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The Don Quixote Of Opera
No other impresario ever matched the record of the indomitable Max Maretzek in bringing new works and new stars to America
February 1976 | Volume 27, Issue 2
Season after season Max gathered unto himself a company and introduced America to the operas of Verdi, Donizetti, and many others. In the fall of 1850 he took command of a company that had come from Havana. This was an eye opener. Never before had he encountered a group of singers with equivalent jealousies, intrigues, and pettiness. Much of this, Max believed, could be traced to stage husbands. If there was one thing Max hated more than operatic tenors, it was the stage husband. One of his leading sopranos, Angelina Bosio, had a husband who rejoiced in the wonderful name of Signer Panayotis di Xindavelonis. Max watched him aghast. Xindavelonis’ mission in life was to impress his wife with his usefulness and importance. He would see that her soup was hot and her champagne cold. He would dutifully carry her poodle under one arm and her music under the other. He would argue with conductors about the tempos in her arias, though he knew as much about tempos as did the poodle under his arm. He would pick fearsome arguments over trifles so that his wife would think he had saved her from artistic ruin.
In that company was a tenor named Lorenzo Salvi, with whom Max was to be associated for many years. Salvi, like so many tenors, was a little crazy. Max firmly believed that Salvi thought himself to be the Louis Quatorze of opera. “L’opéra, c’est moi.’ ” One of Salvi’s cuter tricks was to insist on a contract containing a provision to the effect that in case of illness there were to be fourteen days of grace. Sure enough, if Salvi did not feel like singing, his servant would come to Max with a medical certificate “certifying to an attack of bronchitis, yellow fever, or cholera morbus.” Thus for thirteen days Salvi had a vacation with full pay. Then he would sing. On the following day he would have a relapse—unless the manager humbled himself and sot down on his knees.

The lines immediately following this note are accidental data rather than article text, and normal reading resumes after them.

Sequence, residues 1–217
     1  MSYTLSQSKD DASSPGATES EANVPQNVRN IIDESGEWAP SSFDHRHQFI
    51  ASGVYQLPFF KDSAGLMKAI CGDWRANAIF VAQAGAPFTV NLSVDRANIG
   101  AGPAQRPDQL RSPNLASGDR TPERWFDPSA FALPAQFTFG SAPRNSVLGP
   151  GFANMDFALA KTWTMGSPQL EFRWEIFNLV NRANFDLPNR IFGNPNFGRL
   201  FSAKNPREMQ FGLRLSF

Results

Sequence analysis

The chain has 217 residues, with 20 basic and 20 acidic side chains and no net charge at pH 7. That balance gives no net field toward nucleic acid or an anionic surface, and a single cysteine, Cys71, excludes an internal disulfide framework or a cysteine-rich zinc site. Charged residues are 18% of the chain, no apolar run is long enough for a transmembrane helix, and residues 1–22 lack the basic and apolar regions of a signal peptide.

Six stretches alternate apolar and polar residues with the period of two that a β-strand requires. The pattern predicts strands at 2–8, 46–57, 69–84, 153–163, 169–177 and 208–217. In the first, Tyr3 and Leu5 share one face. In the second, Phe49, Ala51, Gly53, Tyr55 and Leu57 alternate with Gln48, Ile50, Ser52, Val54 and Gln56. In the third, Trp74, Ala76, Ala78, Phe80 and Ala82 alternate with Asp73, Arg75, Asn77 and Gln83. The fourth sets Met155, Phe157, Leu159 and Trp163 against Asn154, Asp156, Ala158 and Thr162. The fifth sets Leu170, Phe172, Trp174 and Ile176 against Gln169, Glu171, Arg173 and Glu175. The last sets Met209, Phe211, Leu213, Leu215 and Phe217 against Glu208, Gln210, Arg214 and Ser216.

It is the job of an impresario to learn to handle this kind of nonsense. Salvi had a good voice, and popular tenors are always in a position to pamper their lusty egos. Max put up with Salvi and the others; he had to; there was no other option. But it was hard, hard. It was Salvi who in 1853 ruined Maretzek’s benefit. In those days it was the custom for certain nights of the season to be given for the benefit of the manager, who would take all the proceeds, pay off the major outstanding debts, and perhaps pocket a few surplus dollars. The Maretzek benefit was scheduled for December 19, 1853. Salvi suddenly decided, the afternoon of the concert, that he wanted his fee in advance. Max, the last one to submit to blackmail, closed down Niblo’s Garden instead. The New York Times did some digging and learned that Salvi was in debt and being dunned. Among the debts was $253.00 “to the druggist Dubuic for 80 gallons of cod liver oil.” Tenors are eccentric folk, but it was the general feeling that 80 gallons of cod-liver oil was carrying things a bit far. What on earth did Salvi do? Bathe in it? (It later was found that he had purchased it for delivery to Italy.) The Times pointed out that in the previous twenty months Max had paid Salvi “upwards of thirty thousand dollars.” Was Salvi worth it? The Times thought no. “Signer Salvi cannot be ranked with the first tenors of the present day, except by a traditional and extremely unsatisfactory fiction. He is passé and tolerated simply because he is one of the best we have among us.”
Salvi was one member of a strong company with which Max all but ruined himself in 1854. He got the idea of giving a season of low-priced opera—fifty cents admission for all seats—at Castle Garden in Battery Park. Such prices, he thought, would popularize opera. And as Castle Garden had about five thousand seats, there even was the possibility of a hefty profit. (Five thousand seats in those days before electronic amplification! The singers were a leatherlunged breed.) “Dreaming a golden dream,” Max wrote, “I fancied that with such a Company as this actually was, with prices no higher than the regular theatrical ones, and a large house, the taste for Italian Opera might be established, not amongst the ‘Upper Ten,’ but in the public heart of New York.” Alas! The company found itself playing to audiences of a hundred or a hundred and fifty, scarcely enough to meet the printing bills. Max ended up with a $22,000 deficit.